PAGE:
The government wants to fix the "broken" housing market in England by encouraging housebuilding – but its flagship plans to solve the national crisis have been dismissed as inadequate by opposition politicians, housing campaigners, and economists.
The long-awaited and much-delayed housing white paper was introduced to parliament by the communities secretary, Sajid Javid, on Tuesday.
Javid said it was a "bold and radical" solution to a crisis that was "one of the biggest barriers to social progress in this country".
Alongside changes to the way councils meet local housing need, there is support for longer rental tenancies in new-build rental developments, a sign the government is moving away from the Cameron-era focus on building a home-owning democracy and schemes to help first-time buyers.
But, responding to the paper in the Commons, John Healey, Labour's shadow housing secretary, said the paper "will disappoint millions of people struggling month to month to cope with the housing crisis".
"It’s also clear we don’t just have a housing crisis in this country, we have a crisis in the Conservative party about what to do," he said. "We were promised a white paper and we were presented with a white flag. This is a government with no plan to fix the country’s deepening housing crisis."
Javid replied by saying that Labour had had the chance to take a "cross-party" approach in supporting the bill but instead "chose to play cheap party politics".
Healey also asked why plans to encourage longer-term tenancies were not being extended to entire rental market, which now numbers 11 million households, saying: "Why won’t he legislate for longer tenancies tied to predictable rent rises and decent basic standards?"
The draft paper proposes a standardised way to calculate housing demand in local areas. It intends to force every council to come up with a plan that will be reviewed every five years. It would also:
– Allow councils to issue "completion notices" so developers must start building within two years of being granted permission rather than three.
– Amend planning rules so councils can create more build-to-rent homes, while also making longer-term tenancies available in such developments.
– Make longer tenancies more "widely available". There is so far no sign of plans for three-year minimum tenancies, as trailed in the media over the weekend.
– Change the rules on starter homes – new homes worth £250,000, or £450,000 in London – so they're only available to households earning less than £80,000, or £90,000 in London.
– Allow homes to built on protected green belt land on the rural-urban fringe of cities, but "only in exceptional circumstances" and once all brownfield land options have been exhausted. Javid is particularly keen on building around train stations.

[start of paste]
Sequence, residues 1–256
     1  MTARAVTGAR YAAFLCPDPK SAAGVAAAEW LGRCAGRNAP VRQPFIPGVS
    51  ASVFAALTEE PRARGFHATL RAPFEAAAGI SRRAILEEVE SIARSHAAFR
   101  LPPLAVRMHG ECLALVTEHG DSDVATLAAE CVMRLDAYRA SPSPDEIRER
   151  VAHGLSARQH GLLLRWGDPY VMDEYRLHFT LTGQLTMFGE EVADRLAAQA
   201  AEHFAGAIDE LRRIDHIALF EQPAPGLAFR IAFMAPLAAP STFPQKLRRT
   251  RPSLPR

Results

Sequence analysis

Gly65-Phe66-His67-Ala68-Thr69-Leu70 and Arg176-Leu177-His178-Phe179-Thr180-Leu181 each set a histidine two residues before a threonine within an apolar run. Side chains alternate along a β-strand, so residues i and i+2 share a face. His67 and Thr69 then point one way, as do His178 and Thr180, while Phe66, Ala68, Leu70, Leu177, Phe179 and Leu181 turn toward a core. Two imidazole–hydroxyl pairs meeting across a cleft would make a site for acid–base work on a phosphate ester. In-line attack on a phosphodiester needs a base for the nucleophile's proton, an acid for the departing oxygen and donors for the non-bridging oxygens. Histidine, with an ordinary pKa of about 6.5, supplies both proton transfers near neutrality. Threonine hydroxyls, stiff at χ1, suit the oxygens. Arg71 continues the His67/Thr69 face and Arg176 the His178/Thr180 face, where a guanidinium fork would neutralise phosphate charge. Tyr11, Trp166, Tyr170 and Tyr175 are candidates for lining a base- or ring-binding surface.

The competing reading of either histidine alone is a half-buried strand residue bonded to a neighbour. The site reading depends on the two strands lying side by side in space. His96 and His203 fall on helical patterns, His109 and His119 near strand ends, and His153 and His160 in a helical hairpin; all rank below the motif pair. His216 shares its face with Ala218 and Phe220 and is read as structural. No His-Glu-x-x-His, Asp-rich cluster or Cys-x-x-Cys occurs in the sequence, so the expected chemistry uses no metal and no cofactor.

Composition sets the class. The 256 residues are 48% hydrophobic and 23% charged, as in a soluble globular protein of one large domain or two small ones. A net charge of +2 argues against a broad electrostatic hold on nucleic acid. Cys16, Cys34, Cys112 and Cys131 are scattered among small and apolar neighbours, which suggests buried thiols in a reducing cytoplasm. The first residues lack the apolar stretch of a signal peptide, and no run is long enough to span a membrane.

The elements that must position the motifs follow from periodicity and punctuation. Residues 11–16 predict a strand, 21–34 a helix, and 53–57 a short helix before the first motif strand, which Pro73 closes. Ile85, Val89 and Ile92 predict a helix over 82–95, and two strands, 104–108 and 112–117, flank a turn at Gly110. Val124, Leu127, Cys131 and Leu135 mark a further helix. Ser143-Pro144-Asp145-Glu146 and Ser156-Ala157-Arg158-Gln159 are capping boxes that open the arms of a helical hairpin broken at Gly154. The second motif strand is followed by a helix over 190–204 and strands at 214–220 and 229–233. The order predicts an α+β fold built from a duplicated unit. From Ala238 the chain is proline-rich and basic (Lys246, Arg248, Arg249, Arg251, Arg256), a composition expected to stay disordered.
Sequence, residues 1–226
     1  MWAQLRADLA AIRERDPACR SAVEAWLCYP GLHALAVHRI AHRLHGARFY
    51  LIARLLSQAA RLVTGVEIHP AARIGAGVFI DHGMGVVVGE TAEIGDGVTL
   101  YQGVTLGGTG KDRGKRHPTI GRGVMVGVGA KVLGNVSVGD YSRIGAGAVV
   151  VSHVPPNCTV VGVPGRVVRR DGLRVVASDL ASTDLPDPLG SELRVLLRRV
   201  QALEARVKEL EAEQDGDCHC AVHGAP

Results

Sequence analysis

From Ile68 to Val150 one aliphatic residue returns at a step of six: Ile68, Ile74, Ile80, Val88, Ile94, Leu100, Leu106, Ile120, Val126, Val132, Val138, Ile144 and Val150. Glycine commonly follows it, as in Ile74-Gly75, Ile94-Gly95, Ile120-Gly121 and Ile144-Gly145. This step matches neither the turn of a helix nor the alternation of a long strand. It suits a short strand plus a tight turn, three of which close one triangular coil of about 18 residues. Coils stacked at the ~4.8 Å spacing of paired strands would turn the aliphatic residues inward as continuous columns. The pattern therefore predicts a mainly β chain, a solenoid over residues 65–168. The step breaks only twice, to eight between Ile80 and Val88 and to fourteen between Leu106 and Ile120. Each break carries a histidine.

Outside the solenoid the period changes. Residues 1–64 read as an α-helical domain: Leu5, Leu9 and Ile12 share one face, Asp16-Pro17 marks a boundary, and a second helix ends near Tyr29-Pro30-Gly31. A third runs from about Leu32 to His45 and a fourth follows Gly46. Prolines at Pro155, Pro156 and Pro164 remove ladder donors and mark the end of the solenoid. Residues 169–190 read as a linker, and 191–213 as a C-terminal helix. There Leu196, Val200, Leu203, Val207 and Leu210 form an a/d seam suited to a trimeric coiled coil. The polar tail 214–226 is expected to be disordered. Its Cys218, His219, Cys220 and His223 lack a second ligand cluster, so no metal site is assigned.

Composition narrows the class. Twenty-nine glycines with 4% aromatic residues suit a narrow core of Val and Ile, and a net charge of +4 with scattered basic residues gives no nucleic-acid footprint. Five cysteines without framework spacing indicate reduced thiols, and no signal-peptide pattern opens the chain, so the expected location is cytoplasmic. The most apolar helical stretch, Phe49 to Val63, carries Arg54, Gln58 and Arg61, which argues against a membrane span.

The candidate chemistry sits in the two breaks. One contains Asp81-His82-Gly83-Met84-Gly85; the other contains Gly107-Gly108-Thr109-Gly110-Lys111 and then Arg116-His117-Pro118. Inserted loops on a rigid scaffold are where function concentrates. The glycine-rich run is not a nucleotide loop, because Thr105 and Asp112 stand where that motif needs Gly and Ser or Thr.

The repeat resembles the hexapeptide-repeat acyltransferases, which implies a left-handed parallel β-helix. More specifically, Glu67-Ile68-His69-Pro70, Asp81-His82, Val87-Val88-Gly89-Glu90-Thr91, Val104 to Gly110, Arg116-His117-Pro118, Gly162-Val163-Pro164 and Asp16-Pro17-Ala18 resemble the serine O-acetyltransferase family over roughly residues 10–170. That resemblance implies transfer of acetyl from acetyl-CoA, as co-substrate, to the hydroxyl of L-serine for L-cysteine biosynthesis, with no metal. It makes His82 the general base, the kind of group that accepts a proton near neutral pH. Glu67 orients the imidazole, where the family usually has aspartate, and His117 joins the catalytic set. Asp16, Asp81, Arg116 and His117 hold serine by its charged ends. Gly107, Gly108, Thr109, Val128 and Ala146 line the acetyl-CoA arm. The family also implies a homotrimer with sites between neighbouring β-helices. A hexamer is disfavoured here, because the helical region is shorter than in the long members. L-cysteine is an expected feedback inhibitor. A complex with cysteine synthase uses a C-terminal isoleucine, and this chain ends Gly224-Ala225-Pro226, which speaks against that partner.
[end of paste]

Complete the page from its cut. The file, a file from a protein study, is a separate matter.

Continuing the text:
Addressing the Commons on Tuesday, Javid promised more help for struggling renters.
"We will be working with the rental sector to promote three-year tenancy agreements, giving families the security that they need to put down their roots in their community," he said.
"[The white paper] will help the tenants of today facing rising rents, unfair fees and insecure tenancies. It will help the homeowners of tomorrow getting more of the rights homes getting built in the right places and it will help our children and our children’s children by halting decades of decline by fixing our broken housing market."
But housing campaigners and economists said the proposals don't go far enough. Graeme Brown, interim CEO of housing charity Shelter, welcomed the new focus on the rented sector and the commitment to encourage developers to build on acquired land, but said: "Talk of longer-term tenancies is welcome but risks being disingenuous unless these are rolled out across the board, not just for a handful of people living in new build-to-rent properties."
Dan Wilson Craw, the director of the pressure group Generation Rent, said: "By limiting longer tenancies to new purpose-built private rented homes, the government has offered renters the bare minimum. The institutional investors building homes for rent are already keen to encourage long term tenants, and it will typically be the better-off who can afford to rent them."
Richard Snook, senior economist at PwC, said on Tuesday that despite the government's commitment to easing the crisis, 59% of people aged 20–39 will live in private rented accommodation by 2025, up from 45% in 2013.